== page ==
The Digital Cinema category in the Cairo International Film Festival is one not readily recognized by your average film-goer, and the definition of digital film might not be wholly clarified by this year's festival. Digital film refers to any movie made using digital equipment–as opposed to traditional film–and the movies that fall under this defintion are aesthetically wide ranging, from the high budget blockbuster to the film school thesis.
Digital filmmaking became popular in the 1990s, with champions pointing to the durability and quality of digital movies over those using traditional methods. But perhaps the most compelling argument is cost; digital films are generally much cheaper to make than traditional films and so, although the technology has been used to produce extremely expensive films like "Avatar," it also appeals to the independent filmmaker who might not be able to afford film.
Entries in the CIFF seem to fall under this category–the storyteller on a shoestring budget who opts for digital in order to be able to produce with readily available, low quality digital cameras.
Regardless of the common equipment used, the films in the digital category are visually diverse and come from a variety of countries, proving how popular digital filmmaking is. The category includes the multicultural (Iraq/UAE/UK) “Tangled in Blue” and the Hungarian “Eastside Stories,” as well as a number of other movies from countries including China, Uganda and South Africa.
“The Door” is the only Egyptian movie in this category. Although the category might prove the diversity of digital films in the world, if "The Door" is any indication, it does not showcase the full potential of the medium.
“The Door” is a low-budget (under LE500) movie written, directed and produced by Mohamed Abdel Hafez, who explained to the crowd that this was the first time he had ever picked up a digital camera to make a movie. With that in mind, the 90-minute film is a feat, albeit a somewhat horrifying experience for viewers.
The movie tells the story of a young man named Ashraf who is described as a “victim of fate”–although he has an opportunity to live a better life, the narrator explains that fate drags him into misery. His back story includes two dead parents, an evil stepmother and a history of clinical depression. Tossed from family home to family home, Ashraf’s cousin, Hossam, invites him to stay at his apartment. Ashraf feels he has found the opportunity of a lifetime, but in the tour of the apartment of his dreams, he notices a door (the only reason he would notice it of course is because the door is randomly bright green with a painted lamp at the top) and asks Hossam what is inside. Hossam’s response (despite the reaction it ellicits) is a totally uninteresting one: “I keep some personal things in there.”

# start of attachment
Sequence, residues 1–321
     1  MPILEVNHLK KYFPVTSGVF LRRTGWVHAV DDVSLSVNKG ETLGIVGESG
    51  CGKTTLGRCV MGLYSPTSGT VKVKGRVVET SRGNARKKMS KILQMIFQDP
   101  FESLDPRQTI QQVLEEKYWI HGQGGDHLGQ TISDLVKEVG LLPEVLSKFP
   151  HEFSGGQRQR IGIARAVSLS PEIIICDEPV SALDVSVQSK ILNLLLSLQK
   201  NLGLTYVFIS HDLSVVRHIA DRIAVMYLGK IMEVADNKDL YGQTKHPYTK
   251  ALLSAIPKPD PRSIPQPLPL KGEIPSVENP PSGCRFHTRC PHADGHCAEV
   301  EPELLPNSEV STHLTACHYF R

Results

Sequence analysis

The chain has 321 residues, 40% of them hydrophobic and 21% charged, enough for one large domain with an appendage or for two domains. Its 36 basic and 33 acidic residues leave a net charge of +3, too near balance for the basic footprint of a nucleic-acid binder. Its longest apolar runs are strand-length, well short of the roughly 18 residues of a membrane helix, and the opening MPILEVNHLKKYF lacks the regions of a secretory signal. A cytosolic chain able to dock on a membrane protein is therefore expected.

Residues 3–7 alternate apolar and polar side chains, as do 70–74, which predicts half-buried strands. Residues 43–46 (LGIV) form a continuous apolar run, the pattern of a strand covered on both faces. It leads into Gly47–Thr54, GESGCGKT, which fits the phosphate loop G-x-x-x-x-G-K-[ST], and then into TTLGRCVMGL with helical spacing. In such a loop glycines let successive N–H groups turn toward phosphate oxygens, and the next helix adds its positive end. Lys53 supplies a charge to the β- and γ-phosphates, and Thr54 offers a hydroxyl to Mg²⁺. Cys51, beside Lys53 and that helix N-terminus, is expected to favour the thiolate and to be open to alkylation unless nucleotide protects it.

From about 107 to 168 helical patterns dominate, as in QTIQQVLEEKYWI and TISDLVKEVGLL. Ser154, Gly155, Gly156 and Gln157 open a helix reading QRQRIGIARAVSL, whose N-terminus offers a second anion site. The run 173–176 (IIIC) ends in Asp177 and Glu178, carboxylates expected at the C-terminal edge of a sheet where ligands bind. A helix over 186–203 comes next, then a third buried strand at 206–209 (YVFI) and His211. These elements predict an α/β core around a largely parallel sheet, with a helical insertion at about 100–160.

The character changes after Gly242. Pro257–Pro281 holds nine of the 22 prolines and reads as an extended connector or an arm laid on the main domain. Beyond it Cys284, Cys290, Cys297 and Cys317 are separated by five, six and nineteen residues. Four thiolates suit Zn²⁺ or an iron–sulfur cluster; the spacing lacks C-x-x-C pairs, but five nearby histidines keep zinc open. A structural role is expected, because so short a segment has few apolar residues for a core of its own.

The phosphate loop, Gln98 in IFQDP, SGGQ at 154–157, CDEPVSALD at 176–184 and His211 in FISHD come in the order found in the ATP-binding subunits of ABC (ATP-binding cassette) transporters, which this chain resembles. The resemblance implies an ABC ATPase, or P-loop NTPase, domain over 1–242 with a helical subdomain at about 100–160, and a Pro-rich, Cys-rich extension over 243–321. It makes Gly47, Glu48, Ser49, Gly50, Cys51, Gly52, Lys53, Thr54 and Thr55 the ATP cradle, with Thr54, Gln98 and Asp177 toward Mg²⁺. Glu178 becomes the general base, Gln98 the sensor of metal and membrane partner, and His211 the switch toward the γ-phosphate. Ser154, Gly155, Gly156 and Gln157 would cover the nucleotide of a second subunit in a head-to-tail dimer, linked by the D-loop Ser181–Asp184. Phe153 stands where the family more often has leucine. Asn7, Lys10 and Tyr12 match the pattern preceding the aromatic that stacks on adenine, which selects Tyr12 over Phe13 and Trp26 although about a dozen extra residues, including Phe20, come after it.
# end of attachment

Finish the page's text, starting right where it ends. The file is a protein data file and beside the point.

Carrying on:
Of course, this is the idea behind the movie. Even as Ashraf brings his bags to the house in the next scene, he stares intensely at the door as if it held all the wonders (or horrors) of the world. And the door becomes “The Door”–a movie depicting strongly the nature of obsession and the downfall of man in the face of temptation. Other themes include the Biblical Adam and the apple; when Ashraf finally tries to get past the door, Hossam catches him and as the narrator so eloquently explains, “Ashraf is thrown out of Paradise.”
Perhaps the strongest themes in the movie are boredom, lack of guidance and, ultimately, despair–not only because the audience experiences these emotions while watching the film, but also because the entire movie depicts the fall of the young lower-middle class male, armed neither with the will power nor the role models to allow him to seize opportunities and turn his life around. Drugged, desperate and insecure, this character epitomizes what may be the fall of what might have once been the Egyptian Dream.
The movie stars Amr Abdel Hafez, the director/producer/writer’s brother, as Ashraf. He seemed to have the clearest vision of the film’s purpose. “The youth are plagued with boredom, yes,” explained Abdel Hafez. “But the problem is that they have no one to guide them to work constructively out of it.”
The other characters in the film include Hassan, Ashraf’s only friend and co-worker at a pharmacy, and an unnamed friend of Hossam, the cousin, who is described (but not portrayed) as a successful construction engineer.
The movie’s soundtrack is mainly instrumental, the dramatic moments severely overplayed by booming and crashing symphonies. The only nice and seemingly appropriate music (a song that appears to have been created and performed by a local band) comes when Ashraf and Hassan meet up at the apartment to smoke a joint. Unfortunately, the sound quality of the film is poor (with an LE500 budget, what can you expect) which made the heavy breathing throughout the movie and the dark, breathy, ominous, Darth Vader-like voice narrating parts of the movie almost unbearable for the audience.
The acting was mediocre, at best, with a lot of back patting for consolation and an overkill of slow reactions. Drug induced, perhaps, but the entire movie was not meant to be a trip.
The camera produced a dark, greasy and green visual image, distorted even further by effects used to produce dream sequences. The directing was good for a first-timer with only a couple glaring cinematographic mistakes (angles that helped no one show anything). Two fantastic (non-green) shots stood out: the bench at the beginning where Ashraf eats his sandwich and finds out he has a place to live and the shot of Ashraf in silhouette at the window, going over his conversations about the door.